Religions, the Word and Peace Publication date : March 29, 2017
Claude Hagège is a linguist, an honorary professor at the Collège de France and winner of the CNRS (National Scientific Research Centre) gold medal. He has written a number of best-selling books: Le Français et les Siècles (“French through the Centuries”), Le Souffle de la langue (“The Breath of Language”), L’Enfant aux deux langues (“The Child with Two Tongues”), Halte à la mort des langues (“On the Death and Life of Languages”, Yale University Press, 2009), Combat pour le français (“The Fight for French”) and Contre la pensée unique (“Fighting Conformism”).
There is no known human community that does not present a belief in a super-human power overseeing personal actions and initiatives. Such beliefs have existed since time immemorial and around the globe. We can, therefore, conclude that they reflect a need that is inherent to our species, that in fact defines it.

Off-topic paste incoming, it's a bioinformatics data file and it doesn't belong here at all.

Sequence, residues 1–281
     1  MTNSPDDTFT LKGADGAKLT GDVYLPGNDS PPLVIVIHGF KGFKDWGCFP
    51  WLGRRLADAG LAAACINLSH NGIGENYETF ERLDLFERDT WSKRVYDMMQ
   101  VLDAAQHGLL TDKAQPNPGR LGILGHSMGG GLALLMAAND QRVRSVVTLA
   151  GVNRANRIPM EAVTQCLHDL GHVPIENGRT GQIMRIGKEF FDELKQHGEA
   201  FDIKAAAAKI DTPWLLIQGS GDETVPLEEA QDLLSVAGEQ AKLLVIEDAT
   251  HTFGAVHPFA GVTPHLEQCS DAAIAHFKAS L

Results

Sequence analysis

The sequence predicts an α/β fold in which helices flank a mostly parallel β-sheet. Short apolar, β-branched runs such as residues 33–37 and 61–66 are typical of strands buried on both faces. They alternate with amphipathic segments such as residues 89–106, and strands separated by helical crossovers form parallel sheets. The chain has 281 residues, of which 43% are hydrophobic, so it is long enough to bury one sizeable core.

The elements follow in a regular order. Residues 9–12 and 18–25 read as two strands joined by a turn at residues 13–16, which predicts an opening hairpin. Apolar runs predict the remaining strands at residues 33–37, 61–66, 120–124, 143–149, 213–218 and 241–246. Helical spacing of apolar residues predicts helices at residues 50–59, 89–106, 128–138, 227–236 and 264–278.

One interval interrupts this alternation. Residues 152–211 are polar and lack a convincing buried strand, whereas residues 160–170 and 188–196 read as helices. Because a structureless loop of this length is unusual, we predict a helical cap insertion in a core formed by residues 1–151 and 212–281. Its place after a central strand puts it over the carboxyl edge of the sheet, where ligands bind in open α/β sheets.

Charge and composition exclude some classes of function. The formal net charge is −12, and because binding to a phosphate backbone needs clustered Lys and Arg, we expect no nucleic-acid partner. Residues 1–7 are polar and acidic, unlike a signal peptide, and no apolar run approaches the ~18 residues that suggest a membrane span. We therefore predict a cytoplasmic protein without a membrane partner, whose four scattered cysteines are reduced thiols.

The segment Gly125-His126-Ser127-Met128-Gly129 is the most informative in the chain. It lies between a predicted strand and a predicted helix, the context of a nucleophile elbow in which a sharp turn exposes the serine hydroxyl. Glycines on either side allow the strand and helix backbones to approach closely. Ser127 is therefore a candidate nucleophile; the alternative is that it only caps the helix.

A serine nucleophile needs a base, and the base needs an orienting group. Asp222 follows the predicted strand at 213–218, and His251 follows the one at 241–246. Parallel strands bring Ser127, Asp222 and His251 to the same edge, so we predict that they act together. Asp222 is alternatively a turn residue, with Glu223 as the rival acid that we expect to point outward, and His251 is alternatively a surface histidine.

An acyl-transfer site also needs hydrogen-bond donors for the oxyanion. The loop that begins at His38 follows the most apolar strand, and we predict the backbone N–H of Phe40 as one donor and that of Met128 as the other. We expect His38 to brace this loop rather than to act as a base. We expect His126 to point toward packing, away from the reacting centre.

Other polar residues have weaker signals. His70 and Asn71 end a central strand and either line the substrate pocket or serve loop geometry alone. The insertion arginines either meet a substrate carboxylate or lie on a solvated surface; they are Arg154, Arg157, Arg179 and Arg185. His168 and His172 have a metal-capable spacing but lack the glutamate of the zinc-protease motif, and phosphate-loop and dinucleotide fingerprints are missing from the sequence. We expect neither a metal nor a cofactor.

One could also assume – but it would be naïve – that this universal need would bring people and communities together. Yet on the contrary, ancient, modern and contemporary history is filled with examples of violence that seems to know no bounds.
In this book, Claude Hagège devotes himself to observing and interpreting this phenomenon with the stunning talent and erudition for which he is known.
Of course, the author brings a particular focus to the power of words, investigating the reasons why different religions’ discourse, rather than contributing to peace, engenders dissension and violence.